Catesby Tunnel, Northamptonshire

Abandoned railway tunnels can be a bit dull after you’ve done a few, as a rule they are dark, straight and mostly featurless. I’ve had my fill I suppose and they don’t really ‘blow up my skirt’ anymore, however Catesby presented itself as an opportunity and it was rude to say no…

Catesby Tunnel is a little more interesting than your average tunnel, mainly ‘cos its a big boy. I believe it’s somewhere around the fifth longest, behind stuff like Rhondda, both Woodhead’s, and Standedge.

Interesting features that also set this tunnel aside from many are the culvert that runs the entire length of the tunnel under the tunnel floor, accessed by catchpits (yes I stupidly crawled in there with no waders, up to my waist in freezing water to get the shot below), the three large Rest Cabins built into the up-side wall (one found to contain a sadly ransacked GeoCache) and the five air-shafts that these days spectacularly pour water down into the already flooded tunnel (the north end was knee hight on this visit).

Not many photo’s as I managed to flood my 40D and it packed up for a few hours….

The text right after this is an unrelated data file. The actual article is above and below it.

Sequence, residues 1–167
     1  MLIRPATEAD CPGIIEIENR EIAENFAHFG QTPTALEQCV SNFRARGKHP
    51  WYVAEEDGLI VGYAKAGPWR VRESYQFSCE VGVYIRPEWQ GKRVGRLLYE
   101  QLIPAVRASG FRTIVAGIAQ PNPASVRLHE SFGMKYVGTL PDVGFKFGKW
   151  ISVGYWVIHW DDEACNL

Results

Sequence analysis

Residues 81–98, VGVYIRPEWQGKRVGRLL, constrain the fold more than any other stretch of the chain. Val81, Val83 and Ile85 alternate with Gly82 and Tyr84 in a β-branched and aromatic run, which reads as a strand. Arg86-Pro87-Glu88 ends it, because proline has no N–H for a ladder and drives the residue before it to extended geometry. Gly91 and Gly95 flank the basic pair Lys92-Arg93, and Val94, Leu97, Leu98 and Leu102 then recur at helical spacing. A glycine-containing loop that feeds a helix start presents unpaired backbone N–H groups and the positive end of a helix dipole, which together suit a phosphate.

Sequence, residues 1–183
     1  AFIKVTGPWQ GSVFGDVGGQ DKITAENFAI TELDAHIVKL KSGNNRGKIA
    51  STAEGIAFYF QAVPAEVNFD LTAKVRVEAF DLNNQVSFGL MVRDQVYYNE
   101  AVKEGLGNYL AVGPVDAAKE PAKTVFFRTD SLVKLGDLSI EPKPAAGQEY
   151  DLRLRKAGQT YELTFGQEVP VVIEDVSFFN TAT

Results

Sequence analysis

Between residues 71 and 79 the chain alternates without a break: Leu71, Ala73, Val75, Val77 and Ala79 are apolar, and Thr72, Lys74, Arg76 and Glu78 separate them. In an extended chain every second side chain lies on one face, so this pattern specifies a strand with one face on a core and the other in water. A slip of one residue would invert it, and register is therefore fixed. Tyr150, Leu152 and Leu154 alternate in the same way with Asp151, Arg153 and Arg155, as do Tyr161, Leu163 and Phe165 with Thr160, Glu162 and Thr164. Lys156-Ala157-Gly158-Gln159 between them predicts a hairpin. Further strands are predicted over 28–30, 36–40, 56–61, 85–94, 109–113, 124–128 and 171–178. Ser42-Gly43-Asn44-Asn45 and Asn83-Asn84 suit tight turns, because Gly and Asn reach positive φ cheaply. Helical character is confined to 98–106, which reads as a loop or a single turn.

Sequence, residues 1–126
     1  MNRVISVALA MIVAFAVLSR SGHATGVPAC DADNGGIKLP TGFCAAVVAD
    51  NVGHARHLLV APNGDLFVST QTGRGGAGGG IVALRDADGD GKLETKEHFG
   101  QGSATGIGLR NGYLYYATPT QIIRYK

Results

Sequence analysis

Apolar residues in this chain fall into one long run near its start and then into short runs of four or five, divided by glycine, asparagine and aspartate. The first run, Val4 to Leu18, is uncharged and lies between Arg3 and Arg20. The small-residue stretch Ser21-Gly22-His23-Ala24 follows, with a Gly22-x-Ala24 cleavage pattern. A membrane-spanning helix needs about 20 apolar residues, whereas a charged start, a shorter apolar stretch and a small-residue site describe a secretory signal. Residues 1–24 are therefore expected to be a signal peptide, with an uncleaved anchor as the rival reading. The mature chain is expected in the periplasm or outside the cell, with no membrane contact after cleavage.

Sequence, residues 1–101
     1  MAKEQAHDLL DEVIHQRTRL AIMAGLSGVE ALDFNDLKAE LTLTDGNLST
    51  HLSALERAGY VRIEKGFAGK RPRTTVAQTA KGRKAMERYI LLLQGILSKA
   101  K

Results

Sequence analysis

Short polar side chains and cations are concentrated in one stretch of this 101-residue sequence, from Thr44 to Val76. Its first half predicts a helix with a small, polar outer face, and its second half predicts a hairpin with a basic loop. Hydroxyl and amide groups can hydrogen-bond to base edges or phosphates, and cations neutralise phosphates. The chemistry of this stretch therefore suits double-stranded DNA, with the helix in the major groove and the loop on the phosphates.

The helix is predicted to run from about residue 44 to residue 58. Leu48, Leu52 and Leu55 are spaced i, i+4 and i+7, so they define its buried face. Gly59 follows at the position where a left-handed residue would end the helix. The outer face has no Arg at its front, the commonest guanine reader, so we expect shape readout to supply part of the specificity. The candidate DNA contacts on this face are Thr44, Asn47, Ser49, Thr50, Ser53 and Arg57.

Some history, copyright © Graeme Bickerdike/Forgotten Relics

The 2,997-yard structure was cut by T Oliver & Son of Horsham as part of the Great Central’s ‘London Extension’ construction contract No.4. It passes through the upper beds of the lower Lias and the lower beds of the middle Lias. 27 feet wide and 25 feet 6 inches high, Catesby is straight throughout and on a rising gradient of 1:176 to the south, with the summit of this section reached as daylight resumes.

Its creation demanded round 290,000 cubic yards of mining. Work to sink the first shaft began on 18th February 1895 and the last length was keyed in on 22nd May 1897 – a remarkably quick average rate of 110 yards per month. Progress was greatly accelerated by the use of Ruston steam navvies (cranes).